Cheers
     
    Cuba Libre, Policeman44 and Derby like this.
  15. Derby

    Derby Well-Known Member

    The descending devices will in time became mandatory equipment I believe. Washing, Oregon, California and Alaska it is now... its matter of time.... this yellow eye bye catch can and most likely will have some serious effects on some of the existing fishery in the future...
     
    Cuba Libre likes this.
  16. Prairie Locked

    Prairie Locked Active Member

    BearCove, you missed my point. The point was more of how many people will spend $80-100 on a product when you can make something up with the gear that you have that would likely work just as well? I'd rather release the fish using one of the above mentioned methods (Fishtofino, TheBigGuy) than spend the money on a device I may only use 1-2 times a season or that runs the risk of being lost or misplaced. I'm not speaking out against the conservation of these fish (all bottom fish with swim bladders), it's actually to the contrary. I very much support conservation and proper live release of all fish for a successful recovery.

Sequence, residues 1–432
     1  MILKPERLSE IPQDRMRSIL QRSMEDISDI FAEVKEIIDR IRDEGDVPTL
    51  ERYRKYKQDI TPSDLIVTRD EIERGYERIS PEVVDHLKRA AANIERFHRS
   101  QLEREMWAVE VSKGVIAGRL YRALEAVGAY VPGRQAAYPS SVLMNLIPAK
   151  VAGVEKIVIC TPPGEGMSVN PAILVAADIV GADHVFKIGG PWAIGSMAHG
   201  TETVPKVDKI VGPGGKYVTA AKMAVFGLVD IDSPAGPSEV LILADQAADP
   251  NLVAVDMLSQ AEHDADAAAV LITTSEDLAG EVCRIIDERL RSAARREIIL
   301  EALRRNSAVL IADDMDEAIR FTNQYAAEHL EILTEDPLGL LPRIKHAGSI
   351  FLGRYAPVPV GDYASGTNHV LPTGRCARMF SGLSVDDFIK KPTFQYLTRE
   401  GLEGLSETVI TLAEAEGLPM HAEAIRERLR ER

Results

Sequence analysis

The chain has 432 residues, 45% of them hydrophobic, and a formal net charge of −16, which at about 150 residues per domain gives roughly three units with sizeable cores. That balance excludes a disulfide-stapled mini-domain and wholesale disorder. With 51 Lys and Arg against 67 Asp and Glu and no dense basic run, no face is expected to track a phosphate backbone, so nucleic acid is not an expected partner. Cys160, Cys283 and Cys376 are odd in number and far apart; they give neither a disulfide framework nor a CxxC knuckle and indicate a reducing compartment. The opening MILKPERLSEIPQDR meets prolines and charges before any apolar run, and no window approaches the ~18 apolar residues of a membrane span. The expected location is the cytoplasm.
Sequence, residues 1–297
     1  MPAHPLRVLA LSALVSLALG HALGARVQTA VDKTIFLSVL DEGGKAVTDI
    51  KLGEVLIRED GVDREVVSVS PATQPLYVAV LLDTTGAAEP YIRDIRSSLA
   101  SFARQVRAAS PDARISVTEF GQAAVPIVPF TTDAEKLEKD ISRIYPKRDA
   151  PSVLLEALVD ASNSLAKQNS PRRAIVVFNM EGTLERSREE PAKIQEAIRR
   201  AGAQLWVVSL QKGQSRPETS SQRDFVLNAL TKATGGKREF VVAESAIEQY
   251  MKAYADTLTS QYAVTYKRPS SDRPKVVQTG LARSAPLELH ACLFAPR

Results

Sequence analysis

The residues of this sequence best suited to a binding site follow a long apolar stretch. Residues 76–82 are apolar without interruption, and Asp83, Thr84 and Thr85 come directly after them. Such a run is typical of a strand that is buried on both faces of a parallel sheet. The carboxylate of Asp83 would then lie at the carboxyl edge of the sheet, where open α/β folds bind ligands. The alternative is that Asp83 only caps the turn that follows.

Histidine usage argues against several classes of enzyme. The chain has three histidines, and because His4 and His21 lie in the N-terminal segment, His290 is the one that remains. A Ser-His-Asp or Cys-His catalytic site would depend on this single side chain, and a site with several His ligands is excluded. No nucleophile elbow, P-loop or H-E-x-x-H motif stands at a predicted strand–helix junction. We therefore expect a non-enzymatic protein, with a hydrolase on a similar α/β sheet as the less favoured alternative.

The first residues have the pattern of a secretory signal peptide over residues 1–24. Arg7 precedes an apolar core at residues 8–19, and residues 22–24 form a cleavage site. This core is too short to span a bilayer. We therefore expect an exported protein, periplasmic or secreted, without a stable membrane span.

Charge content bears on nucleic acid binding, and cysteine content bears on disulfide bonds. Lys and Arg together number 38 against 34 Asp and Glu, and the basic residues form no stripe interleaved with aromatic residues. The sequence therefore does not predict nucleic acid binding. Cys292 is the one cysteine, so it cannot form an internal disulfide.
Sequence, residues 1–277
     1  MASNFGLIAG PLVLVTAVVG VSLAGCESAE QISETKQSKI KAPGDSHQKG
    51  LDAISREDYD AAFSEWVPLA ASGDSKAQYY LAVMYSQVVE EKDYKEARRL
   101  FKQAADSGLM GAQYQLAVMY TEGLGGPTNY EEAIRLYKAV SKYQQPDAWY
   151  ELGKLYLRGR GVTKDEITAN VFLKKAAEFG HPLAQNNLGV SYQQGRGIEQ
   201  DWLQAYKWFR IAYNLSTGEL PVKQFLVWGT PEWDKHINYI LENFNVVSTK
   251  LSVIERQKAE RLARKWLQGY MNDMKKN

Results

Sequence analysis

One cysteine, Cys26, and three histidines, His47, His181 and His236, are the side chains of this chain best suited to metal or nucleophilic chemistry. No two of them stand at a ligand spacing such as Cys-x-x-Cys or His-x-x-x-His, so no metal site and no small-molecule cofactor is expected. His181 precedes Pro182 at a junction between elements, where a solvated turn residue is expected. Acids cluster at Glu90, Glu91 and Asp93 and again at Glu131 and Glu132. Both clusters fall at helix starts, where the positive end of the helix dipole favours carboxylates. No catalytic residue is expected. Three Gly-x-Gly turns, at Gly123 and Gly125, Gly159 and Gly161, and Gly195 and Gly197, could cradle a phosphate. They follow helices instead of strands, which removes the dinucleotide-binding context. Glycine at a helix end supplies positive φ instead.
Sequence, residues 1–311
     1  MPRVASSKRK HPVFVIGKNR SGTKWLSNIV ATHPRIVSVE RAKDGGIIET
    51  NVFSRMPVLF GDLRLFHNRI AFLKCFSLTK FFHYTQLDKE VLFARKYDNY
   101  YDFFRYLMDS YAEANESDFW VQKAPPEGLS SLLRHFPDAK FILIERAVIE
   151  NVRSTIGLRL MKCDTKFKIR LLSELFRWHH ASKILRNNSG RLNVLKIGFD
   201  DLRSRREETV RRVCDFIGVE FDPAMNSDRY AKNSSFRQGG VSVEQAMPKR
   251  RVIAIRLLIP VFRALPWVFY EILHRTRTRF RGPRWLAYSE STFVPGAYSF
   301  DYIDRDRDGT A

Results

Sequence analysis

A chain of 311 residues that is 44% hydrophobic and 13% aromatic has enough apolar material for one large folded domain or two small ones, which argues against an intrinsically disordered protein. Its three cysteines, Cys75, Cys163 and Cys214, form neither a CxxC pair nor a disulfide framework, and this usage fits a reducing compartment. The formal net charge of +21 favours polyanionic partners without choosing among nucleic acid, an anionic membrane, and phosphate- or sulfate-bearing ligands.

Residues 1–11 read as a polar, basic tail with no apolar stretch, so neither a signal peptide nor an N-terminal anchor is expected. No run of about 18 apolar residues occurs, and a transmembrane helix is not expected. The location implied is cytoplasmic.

I don't run into much incidental rock fish by-catch, maybe a couple each season. When both eyeballs are extruded and the pupils are blown, the mortality rate must be darn close to, if not 100% so these we keep. I focus more on avoidance, staying off bottom, etc. To date, I've been lucky, I've only ever caught 1 yellow eye.
     
  17. Samnjoe

    Samnjoe Active Member

    I have used the Seaqualizer for 2 years now.
    Very easy works great. I set it for 100 feet.
    We get piles of yellow-eyes up North Island.
    I think the real culprits are the draggers working off of the Brookes peninsula.
    Looks like a pumpkin patch out there some days with all the discarded orange by-catch.